Last week we reported that eBay has banned Google Checkout, something that is likely to backfire on the auction giant, which owns rival payment processor PayPal.

Silicon has today published a timely analysis of why eBay is more likely to suffer than Big G.

Meanwhile, I have been looking for the smoking gun that might force Google to retaliate, leading to the possible banning of eBay from its search results. Hard to imagine it could come to that, but who knows?

eBaymust spend many (tens of?) millions on Google Adwords, buying up all kinds of keywords and phrases. And hell, it even buys letters too, like the letter ‘E’:

eBay even buys letters on Adwords

Google must love this sort of thing. Nevertheless, you have to feel that eBay would come off worse in a streetfight with Google, despite its relationship with Yahoo.

As an online brand eBay is one of the best known, but many consumers begin their product searches on search engines, and Google is the biggest by some distance, so a ban would eat into eBay’s earnings just like it does with any other company. Not being listed on Google is bad news for a company of any size.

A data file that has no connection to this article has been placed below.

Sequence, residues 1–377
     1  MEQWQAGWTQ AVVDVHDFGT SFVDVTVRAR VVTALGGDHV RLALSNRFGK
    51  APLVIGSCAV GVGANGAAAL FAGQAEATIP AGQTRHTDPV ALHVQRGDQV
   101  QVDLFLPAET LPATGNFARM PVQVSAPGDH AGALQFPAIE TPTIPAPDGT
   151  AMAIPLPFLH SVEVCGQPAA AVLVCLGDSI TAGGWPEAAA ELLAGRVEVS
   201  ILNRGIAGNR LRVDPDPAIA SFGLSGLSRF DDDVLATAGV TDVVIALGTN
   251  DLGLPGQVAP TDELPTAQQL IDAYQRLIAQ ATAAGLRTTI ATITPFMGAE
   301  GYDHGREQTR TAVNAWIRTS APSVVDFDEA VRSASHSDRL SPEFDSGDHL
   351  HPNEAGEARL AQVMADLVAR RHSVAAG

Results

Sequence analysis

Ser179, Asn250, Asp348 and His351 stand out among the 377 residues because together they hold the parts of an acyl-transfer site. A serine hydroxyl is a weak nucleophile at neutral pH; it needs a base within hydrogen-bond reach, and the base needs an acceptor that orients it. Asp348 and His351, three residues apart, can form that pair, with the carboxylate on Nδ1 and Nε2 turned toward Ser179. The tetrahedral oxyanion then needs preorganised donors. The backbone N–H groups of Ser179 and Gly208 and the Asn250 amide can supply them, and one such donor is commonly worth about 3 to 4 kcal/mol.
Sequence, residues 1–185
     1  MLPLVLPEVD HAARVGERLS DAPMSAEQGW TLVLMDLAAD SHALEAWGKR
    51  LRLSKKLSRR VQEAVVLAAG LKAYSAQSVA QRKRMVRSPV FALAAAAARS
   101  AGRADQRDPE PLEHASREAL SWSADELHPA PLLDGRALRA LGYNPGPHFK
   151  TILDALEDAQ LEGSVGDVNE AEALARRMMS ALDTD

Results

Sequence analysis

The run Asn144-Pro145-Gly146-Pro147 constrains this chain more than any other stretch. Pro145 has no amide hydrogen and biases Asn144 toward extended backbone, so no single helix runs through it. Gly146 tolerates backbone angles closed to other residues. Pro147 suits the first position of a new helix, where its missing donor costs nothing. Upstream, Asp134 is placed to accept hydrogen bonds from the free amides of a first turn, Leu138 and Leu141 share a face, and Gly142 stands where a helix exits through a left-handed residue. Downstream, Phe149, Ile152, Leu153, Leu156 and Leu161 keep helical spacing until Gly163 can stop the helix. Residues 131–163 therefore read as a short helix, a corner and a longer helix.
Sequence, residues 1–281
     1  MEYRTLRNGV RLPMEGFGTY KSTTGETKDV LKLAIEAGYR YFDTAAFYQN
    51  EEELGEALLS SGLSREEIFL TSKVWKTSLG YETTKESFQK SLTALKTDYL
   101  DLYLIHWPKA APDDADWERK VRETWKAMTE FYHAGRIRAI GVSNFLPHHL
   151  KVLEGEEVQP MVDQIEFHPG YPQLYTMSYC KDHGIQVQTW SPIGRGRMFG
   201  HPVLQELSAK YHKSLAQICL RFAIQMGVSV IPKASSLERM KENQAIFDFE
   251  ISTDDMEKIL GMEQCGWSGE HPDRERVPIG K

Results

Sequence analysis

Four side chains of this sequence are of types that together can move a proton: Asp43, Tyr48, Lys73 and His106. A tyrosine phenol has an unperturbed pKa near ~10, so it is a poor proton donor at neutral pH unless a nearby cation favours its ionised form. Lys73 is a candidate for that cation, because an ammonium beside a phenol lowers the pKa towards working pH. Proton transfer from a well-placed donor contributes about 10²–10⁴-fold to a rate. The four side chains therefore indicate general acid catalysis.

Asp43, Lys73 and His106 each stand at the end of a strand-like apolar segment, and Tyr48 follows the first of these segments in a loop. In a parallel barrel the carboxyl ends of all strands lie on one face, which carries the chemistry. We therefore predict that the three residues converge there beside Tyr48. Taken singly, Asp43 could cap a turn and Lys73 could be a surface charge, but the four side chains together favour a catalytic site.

Could Google ban eBay from its organic listings? It would need some firm evidence before doing so, and so far I can’t see any major issues with eBay, from an SEO perspective.

But what about Adwords? Would Google prevent eBay from using its contextual ad network? Would it turn down the tens of millions eBay must spend to achieve such widespread visibility? You’d think not, unless there was a serious reason

Well, it turns out that there is something serious going on, albeit at a relatively small scale. You see, eBay users are selling click fraud services, according to an article on Blogging Stocks.

A search on eBay for ‘Adsense clicks’ returns a number of auctions, where you can purchase “5 Google Adsense clicks each day for 5 days” for a Buy-It-Now price of just $1.99.

Blogging Stocks’ Michael Rogers says: “This raises some interesting questions, chief among them: doesn’t this violate eBay’s listing policy against ‘encouraging illegal activity’? Or perhaps this is one of those grey areas where eBay chooses to look the other way – particularly considering that the particular ox being gored here is rapidly turning into their number one competitor.”

This is something that eBay needs to quickly address if it is to avoid further damaging its relationship with the internet Motherlode.

Google is already on dangerous ground with regards to click fraud. It needs to pacify advertisers, who are become increasingly concerned about paying for clicks.

Is this the smoking gun?